Don't get too excited now, because 3D-printed sneakers won't be available anytime soon, yet it's a concept that Nike recently spoke about at a summit for tech site GeekWire. Nike's COO, Eric Sprunk, says, “Do I envision a future where [Nike] might still own the file, from an IP perspective — because it’s a Nike product; you can’t have just anybody make a Nike product — and you can manufacture that either in your home or we will do it for you at our store? Oh yeah, that’s not that far away."
With Nike ID taking the world by storm, the idea of creating one's own 3D-printed sneakers at home is only a natural next step. After all, people are already able to 3D print shoes in general.
Nike's COO Eric Sprunk Envisions a Tech-Heavy DIY Future
1. Personalized DIY Manufacturing - The concept of creating customized 3D-printed sneakers at home reflects the growing trend of personalized DIY manufacturing.
2. Consumer-controlled IP - Nike's suggestion of consumers owning the IP file for 3D-printed sneakers presents a disruptive innovation opportunity for a new era of consumer-controlled intellectual property.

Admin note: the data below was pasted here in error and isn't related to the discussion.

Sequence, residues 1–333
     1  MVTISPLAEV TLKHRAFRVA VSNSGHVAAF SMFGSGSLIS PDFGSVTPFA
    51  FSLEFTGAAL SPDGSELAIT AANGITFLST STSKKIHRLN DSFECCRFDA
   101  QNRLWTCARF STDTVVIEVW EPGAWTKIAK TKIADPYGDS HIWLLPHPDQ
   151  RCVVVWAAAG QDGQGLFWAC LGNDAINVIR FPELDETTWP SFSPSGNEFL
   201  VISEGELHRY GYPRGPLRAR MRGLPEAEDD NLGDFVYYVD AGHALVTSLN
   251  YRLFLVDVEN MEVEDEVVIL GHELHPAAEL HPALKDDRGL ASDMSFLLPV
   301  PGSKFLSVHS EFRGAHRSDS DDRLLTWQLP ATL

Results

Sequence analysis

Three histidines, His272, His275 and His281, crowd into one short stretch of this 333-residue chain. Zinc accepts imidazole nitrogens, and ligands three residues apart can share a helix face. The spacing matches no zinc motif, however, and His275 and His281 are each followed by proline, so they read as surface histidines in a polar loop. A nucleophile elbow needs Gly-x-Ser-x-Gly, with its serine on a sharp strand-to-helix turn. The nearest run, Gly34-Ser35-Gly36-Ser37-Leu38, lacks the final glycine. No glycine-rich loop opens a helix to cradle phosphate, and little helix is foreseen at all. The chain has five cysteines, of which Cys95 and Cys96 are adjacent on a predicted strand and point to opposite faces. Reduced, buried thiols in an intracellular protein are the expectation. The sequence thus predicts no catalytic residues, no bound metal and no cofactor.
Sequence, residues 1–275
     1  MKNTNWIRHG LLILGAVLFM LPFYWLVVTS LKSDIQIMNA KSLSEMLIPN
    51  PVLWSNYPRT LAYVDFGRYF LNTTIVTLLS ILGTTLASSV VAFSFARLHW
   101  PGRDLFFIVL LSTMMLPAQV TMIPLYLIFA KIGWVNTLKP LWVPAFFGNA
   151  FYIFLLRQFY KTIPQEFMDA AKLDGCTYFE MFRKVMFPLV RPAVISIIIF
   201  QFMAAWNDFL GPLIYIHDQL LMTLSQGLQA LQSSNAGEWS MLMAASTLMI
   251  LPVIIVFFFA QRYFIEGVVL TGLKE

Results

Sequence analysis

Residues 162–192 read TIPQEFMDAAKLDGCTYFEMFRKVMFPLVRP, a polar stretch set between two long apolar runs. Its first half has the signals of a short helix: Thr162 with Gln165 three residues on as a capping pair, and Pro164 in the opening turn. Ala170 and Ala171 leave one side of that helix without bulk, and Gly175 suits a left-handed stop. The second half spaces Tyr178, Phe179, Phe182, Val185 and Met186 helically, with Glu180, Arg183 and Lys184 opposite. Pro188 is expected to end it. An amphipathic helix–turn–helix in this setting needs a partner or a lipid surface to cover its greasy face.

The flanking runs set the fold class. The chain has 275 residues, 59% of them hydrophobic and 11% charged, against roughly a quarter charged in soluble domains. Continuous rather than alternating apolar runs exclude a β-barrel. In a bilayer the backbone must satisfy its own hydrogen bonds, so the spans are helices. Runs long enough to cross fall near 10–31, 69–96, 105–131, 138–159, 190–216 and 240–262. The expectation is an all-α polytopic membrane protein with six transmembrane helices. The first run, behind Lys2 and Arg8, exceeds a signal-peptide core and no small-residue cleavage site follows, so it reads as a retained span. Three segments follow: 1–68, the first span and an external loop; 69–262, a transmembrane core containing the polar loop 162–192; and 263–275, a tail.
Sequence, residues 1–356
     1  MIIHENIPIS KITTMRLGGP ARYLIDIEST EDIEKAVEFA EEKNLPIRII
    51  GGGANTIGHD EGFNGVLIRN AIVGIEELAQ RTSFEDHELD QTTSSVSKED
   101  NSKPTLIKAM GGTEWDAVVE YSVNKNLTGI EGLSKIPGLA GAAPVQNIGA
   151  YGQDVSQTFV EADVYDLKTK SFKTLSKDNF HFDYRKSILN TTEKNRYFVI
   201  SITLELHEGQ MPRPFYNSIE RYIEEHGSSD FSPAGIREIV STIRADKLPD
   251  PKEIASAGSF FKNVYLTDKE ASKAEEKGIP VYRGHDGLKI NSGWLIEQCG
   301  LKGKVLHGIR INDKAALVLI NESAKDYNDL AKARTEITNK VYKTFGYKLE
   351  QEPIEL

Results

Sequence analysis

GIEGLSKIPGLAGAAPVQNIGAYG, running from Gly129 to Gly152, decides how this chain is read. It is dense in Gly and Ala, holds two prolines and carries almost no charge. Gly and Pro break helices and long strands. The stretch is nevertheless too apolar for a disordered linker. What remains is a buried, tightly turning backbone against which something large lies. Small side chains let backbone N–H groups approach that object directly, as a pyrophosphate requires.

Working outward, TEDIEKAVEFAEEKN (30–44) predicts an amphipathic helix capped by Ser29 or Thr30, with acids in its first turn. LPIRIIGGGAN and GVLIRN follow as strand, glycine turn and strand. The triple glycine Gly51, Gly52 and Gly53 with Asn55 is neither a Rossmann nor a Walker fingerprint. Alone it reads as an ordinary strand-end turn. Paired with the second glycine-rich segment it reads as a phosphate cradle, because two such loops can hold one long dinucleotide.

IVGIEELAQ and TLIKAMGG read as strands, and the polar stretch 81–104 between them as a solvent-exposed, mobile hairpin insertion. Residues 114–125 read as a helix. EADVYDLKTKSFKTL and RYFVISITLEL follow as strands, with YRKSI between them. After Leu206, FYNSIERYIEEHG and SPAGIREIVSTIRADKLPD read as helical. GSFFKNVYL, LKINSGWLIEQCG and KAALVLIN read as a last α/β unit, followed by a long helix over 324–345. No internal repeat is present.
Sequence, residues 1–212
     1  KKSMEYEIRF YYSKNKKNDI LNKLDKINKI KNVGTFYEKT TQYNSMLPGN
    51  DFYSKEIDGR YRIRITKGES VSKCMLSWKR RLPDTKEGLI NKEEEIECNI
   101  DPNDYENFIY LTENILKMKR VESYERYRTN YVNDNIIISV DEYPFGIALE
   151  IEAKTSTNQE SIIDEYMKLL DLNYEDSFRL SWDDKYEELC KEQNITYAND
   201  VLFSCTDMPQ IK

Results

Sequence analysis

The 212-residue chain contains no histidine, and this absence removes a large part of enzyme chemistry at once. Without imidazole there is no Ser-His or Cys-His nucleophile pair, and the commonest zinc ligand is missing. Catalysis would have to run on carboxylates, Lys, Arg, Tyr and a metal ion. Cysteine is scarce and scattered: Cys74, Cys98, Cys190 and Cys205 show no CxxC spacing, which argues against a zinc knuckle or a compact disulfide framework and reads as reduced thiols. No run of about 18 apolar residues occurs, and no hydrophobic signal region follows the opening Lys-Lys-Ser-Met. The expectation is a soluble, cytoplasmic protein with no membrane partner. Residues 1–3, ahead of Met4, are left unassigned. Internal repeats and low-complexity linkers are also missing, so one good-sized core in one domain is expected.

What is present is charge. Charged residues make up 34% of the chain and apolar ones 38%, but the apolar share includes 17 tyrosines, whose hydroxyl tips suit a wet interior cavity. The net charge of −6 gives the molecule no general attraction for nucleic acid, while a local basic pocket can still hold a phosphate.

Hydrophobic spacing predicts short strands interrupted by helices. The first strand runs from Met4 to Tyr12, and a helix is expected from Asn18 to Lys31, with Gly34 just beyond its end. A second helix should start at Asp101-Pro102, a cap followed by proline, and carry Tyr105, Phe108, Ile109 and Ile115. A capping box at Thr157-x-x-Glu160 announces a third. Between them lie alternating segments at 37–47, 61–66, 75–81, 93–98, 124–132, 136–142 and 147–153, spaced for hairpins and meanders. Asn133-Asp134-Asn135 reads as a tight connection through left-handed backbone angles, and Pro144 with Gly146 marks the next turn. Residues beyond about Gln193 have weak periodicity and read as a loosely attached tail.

3. Home-based 3D Printing - The possibility of manufacturing 3D-printed sneakers in the comfort of one's own home highlights the emerging trend of home-based 3D printing technologies.
1. Sportswear - The sportswear industry could benefit from integrating personalized 3D-printed sneakers, allowing consumers to create unique and customized footwear.
2. Intellectual Property - The intellectual property industry could explore new business models that empower consumers to own and control the IP file for 3D-printed products.
3. 3D Printing - The 3D printing industry stands to gain from the growing demand for home-based 3D printing technologies, as more consumers seek to manufacture products like sneakers at home.